Acid Reflux

Acid Reflux

Astroesophageal reflux disease (GERD), also known as acid reflux, is a long-term condition in which the stomach contents rise above the esophagus, resulting in symptoms or complications. In the symptoms, the back part of the mouth involves the taste of acid, jealousy, breath odor, chest pain, vomiting, trouble breathing, and bad teeth. Complications include esophagitis, esophageal stiffness and barat's esophagus.

Risk factors include obesity, pregnancy, smoking, hepatel hernia and some medicines. Medicines included may contain antihistamine, calcium channel blockers, antidepressants and sleeping pills. Acid reflux is due to the poor closure of lower esophageal sphincter, which occurs on the junction between stomach and esophagus. Those who did not improve with simple measures, diagnosis may include gastroscopy, upper GI series, asophageal pH monitoring or asophageal menometry. Treatment options include changes in lifestyle; Drugs; And sometimes do surgery for those who do not improve with the first two measures. Lifestyle Changes do not lie down till three hours after eating, lifting a bed, losing weight, avoiding foods that have symptoms, and stop smoking. Medicines include antacid, H2 receptor blockers, proton pump inhibitors, and prokanetics.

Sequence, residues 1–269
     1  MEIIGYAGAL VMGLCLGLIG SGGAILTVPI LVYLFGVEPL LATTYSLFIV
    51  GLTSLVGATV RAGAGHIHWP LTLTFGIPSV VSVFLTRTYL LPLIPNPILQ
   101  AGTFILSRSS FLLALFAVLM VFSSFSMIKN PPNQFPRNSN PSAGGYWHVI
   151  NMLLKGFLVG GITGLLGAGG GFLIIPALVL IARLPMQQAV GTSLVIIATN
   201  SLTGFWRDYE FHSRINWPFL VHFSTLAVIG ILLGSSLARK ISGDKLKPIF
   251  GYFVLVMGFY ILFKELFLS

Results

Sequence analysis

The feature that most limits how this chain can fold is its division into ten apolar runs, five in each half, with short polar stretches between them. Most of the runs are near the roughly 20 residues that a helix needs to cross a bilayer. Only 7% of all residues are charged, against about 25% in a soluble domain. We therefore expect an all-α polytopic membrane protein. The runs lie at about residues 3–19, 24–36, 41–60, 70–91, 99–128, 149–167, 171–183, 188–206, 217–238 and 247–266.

In the western world, 10 to 20% of GERD population is affected. Occasional gastroesophageal reflux without problematic symptoms or complications is even more common. The classic symptoms of GERD were first described in 1925, when Friedenwald and Feldman had commented on the possible reluctance of Hitler and Herbert Hernia. In 1934, gastroenterologist Usher Winkelstein described reflux and attributed stomach acids to the symptoms.

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